|Abstract or Summary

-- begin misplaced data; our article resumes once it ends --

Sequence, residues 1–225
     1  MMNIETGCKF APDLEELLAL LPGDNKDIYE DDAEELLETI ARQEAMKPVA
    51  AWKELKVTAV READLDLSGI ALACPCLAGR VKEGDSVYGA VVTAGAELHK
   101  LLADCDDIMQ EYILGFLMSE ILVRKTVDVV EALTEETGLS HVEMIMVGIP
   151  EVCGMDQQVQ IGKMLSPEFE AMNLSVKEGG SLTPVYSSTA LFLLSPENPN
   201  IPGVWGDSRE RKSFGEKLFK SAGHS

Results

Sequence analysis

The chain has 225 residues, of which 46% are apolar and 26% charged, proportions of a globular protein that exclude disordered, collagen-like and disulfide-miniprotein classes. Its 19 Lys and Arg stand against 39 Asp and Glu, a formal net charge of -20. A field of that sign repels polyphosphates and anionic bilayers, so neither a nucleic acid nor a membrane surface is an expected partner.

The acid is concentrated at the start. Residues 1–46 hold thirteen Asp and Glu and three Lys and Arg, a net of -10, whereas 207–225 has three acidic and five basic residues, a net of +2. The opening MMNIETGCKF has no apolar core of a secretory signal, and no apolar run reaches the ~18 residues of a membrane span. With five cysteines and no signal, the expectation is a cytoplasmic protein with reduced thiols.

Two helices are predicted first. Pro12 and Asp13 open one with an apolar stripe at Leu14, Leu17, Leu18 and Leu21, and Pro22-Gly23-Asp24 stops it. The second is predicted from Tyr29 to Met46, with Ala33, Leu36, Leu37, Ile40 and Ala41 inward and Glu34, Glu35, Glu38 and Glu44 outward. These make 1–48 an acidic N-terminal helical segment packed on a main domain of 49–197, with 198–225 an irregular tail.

- In 2011, Governor John Kitzhaber, along with the Oregon legislature, affirmed a clear and ambitious goal for the State. The 40-40-20 goal states that by 2025, 40% of adult Oregonians will have an Associates degree or a meaningful postsecondary certificate, 40% will hold a Bachelors degree or advance degree and 20% percent will hold at least a high school diploma or its equivalent credential. These ambitious goals include underserved students –low income, first-generation, students of color, and rural students–whom the educational system has not served well in the past and whose college-going and completion rates fall below the average. However, there is little research about the experiences, expectations or perceptions of underserved students in Oregon’s higher education system. This project used qualitative methods to understand the barriers that underserved students face once they begin their postsecondary career. Twenty-five interviews were conducted with Oregon community leaders who work with “college-going” underserved students and another 21 interviews were conducted with underserved students. Consistent with predictions of social reproduction theory, both community leaders and students described barriers related to cultural and social capital. This research proposes that social reproduction theory can explain how the experiences of underserved students may hinder the effectiveness of policies intended to increase access to and retention in higher education in Oregon. Successful implementation of these policies will need to heavily invest time and funding to educate families and students as they make the transition to higher education in Oregon.